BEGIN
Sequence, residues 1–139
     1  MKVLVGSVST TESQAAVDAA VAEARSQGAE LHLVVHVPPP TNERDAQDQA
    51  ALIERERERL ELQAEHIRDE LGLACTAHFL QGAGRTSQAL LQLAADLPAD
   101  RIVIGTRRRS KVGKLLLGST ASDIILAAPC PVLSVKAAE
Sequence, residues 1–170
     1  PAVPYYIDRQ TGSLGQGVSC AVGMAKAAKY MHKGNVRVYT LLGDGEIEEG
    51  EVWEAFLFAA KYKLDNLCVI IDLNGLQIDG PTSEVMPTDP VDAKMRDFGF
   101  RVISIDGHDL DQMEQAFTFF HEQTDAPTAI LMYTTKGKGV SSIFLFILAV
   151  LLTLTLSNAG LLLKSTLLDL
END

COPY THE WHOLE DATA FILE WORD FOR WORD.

Sequence, residues 1–139
     1  MKVLVGSVST TESQAAVDAA VAEARSQGAE LHLVVHVPPP TNERDAQDQA
    51  ALIERERERL ELQAEHIRDE LGLACTAHFL QGAGRTSQAL LQLAADLPAD
   101  RIVIGTRRRS KVGKLLLGST ASDIILAAPC PVLSVKAAE
Sequence, residues 1–170
     1  PAVPYYIDRQ TGSLGQGVSC AVGMAKAAKY MHKGNVRVYT LLGDGEIEEG
    51  EVWEAFLFAA KYKLDNLCVI IDLNGLQIDG PTSEVMPTDP VDAKMRDFGF
   101  RVISIDGHDL DQMEQAFTFF HEQTDAPTAI LMYTTKGKGV SSIFLFILAV
   151  LLTLTLSNAG LLLKSTLLDL